When I started studying computer science, I had to learn to code. I quickly hit a major wall. I couldn’t understand coding at all, even though apparently everyone around me just “got it.” We had four compulsory assignments, and when the third came around, it was impossible to pretend like I understood what I was doing.
When I only had three days left to complete the assignment, I panicked. I had always done well in school, and certainly never failed a class.
In the midst of throwing a pillow into a wall (I’m great at managing my emotions . …
Everyone has their own unique reasoning for going into self-development. For me, it was my shyness and lack of confidence. I would focus on what other people thought of me in any social situation, and felt completely feel trapped in my own head.
As you can imagine, I’ve read a lot of confidence advice.
Most confidence advice involve mastering or achieving something. The idea is that through mastery, we build self-trust. Our self-trust will then transfer to other situations, and make us more confident that we can overcome obstacles and find solutions.
Here’s my issue: I’ve achieved many of my…
As many young girls do, I decided that my body wasn’t good enough when I was around 12 years old. I did the occasional fad diet behind my parents’ backs and tried various workout regiments. My weight fluctuated for the next few years, but my self-confidence never got any better. Before I knew it, I was 25 years old and still living with the same yoyo-dieting mindset.
I knew there had to be some other way to feel better about my body than to lose weight, and that’s when I decided to try to “hack” my own mind.
Last year was difficult. I hated my job although there was nothing objectively wrong with it. My colleagues were great, the pay was great, and the hours were great. The only problem seemed to be; I didn’t feel like I was supposed to be there.
Believe it or not, that was the clearest way I could describe it. It was an intuitive, vague, hint of an idea that maybe I was meant to do something else. Though vague, the feeling slowly wore me down. Suddenly, I had no physical strength left in me, and the smallest things made me cry.
Most self-help articles are about how to become better. I should know, I’ve written a few.
However, I believe there’s also a great deal of value in sharing what hasn’t worked, and mistakes we’ve made along the way.
So without further adieu, here are my own top six:
Many spiritual and self-development circles talk in-depth about non-judgment. Generally, I think that’s a very good idea since our judgments of others can ultimately teach us about ourselves. It’s also often required in exercises done in workshops and other gatherings to create “safe spaces” where people can open up and be vulnerable.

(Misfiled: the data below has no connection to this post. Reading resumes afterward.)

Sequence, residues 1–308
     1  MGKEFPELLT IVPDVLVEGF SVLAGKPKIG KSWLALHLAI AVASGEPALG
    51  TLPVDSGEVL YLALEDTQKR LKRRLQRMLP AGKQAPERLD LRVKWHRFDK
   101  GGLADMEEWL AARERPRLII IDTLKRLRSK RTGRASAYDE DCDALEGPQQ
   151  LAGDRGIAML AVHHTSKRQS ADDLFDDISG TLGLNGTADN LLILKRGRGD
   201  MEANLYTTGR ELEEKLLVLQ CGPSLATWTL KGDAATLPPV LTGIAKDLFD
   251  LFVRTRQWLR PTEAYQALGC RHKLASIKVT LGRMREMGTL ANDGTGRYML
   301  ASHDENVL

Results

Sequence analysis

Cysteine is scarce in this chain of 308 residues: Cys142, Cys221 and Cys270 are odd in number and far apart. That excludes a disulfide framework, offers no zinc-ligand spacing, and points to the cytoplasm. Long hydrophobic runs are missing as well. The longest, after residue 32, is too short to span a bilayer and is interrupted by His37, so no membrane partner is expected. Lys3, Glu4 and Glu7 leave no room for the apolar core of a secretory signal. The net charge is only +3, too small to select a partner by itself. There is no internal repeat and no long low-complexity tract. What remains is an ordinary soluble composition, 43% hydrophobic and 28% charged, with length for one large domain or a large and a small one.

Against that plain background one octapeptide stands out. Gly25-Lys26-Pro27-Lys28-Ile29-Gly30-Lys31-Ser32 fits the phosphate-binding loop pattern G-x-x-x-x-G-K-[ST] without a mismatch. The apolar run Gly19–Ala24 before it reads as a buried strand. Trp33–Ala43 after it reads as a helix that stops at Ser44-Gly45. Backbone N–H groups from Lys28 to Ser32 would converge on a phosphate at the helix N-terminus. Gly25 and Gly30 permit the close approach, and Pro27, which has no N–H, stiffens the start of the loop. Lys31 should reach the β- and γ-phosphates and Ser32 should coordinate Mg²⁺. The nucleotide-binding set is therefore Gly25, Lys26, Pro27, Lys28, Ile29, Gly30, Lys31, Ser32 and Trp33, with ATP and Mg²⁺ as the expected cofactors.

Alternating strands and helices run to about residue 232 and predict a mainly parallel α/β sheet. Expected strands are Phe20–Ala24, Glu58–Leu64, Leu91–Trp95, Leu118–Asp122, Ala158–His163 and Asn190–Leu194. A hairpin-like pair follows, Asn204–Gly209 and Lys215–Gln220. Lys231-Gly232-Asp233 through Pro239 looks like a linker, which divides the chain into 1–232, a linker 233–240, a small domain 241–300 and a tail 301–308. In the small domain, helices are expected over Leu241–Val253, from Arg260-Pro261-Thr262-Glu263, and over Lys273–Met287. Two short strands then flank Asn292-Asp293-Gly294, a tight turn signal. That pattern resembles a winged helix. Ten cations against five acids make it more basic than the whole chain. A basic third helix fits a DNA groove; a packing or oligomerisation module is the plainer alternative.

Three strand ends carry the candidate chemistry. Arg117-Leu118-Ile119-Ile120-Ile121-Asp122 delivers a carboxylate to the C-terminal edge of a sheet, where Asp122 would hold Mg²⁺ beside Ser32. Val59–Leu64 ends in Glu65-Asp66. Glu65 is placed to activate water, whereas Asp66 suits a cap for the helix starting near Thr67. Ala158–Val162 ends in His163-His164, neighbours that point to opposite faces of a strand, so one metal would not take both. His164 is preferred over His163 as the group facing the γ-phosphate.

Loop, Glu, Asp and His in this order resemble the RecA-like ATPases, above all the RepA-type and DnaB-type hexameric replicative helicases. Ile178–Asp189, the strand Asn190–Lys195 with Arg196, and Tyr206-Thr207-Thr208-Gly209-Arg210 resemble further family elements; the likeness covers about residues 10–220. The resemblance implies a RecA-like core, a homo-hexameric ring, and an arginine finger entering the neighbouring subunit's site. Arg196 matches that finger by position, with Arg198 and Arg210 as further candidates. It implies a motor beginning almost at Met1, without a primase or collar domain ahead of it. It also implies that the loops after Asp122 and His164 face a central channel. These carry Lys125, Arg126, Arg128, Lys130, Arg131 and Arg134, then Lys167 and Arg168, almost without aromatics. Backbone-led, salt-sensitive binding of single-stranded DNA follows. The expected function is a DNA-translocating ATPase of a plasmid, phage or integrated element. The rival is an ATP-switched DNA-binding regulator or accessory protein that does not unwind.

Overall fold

Buddhism seems to have a great reputation in the self-development community, which is why I, when I arrived in Thailand for my sabbatical year off, signed up for a Buddhist meditation “retreat”.
“Retreat” makes it sound like a luxurious ordeal, but that’s wildly misleading. It consisted of 11–12 hours of meditation every day, fasting from 11 am to 6 am the next morning, and sleeping on a very thin mat on the floor.
The amazing upside, though, is that you’re given a unique opportunity to ask questions to Buddhist monks, have guided meditations for long bouts of time, and go…
Growing up in the 90’s, flat abs were all the rage, and at age 12 I wanted nothing more.
Despite dieting in secret behind my parents’ back, a flat stomach proved difficult to achieve. That’s when I decided to resort to a plan B: simply holding it in.
It started as a way to look thinner in front of the boys I liked, but it shortly took on a life of its’ own.
I was doing it at home in front of my family, when I was hanging out with friends, at school, in front of every mirror, in front…
When I was 24, I realized that I had been unhappy with my body for over 10 years. Not just that, but I had also been dealing with it in the same way for 10 years: trying to diet, trying to work out more, and though I had fluctuated in weight, I had never “succeeded” permanently.
I had, on the other hand, heard the Einstein quote: “The definition of insanity is doing the same thing over and over again, but expecting different results.”
I started to realize that I might have been looking for answers to my problems all the…
I’m not a psychologist (yet!), but I’m someone who used to struggle a lot with body image.
A lot of that progress I’ve made comes from eventually reaching a point where I was sick and tired of my body image being in the way. In 2014 I decided to quit counting calories and finding new workout regimes, and instead focus solely on finding ways to love myself.
On my journey to self-acceptance, there was particularly one aspect that I could never figure out:
For that reason, I felt like my body image issues and the voice that told me all…
I’ve tried a lot of things over the years to improve my body image, and one that yielded my most surprising results were studying body positive influencers.
What enables them to be so comfortable with themselves that they can post pictures in their underwear, especially when they don’t fit the “norm”? Even when the pictures might be seen by family members, people they went to school with, or potential dates?
Let’s try to reverse-engineer it: What sort of experiences might a body positive influencer have had? And what types of emotions and values are driving them?
This got me thinking…
Psychology student and former software architect. Passion for emotional health, self-love and body image.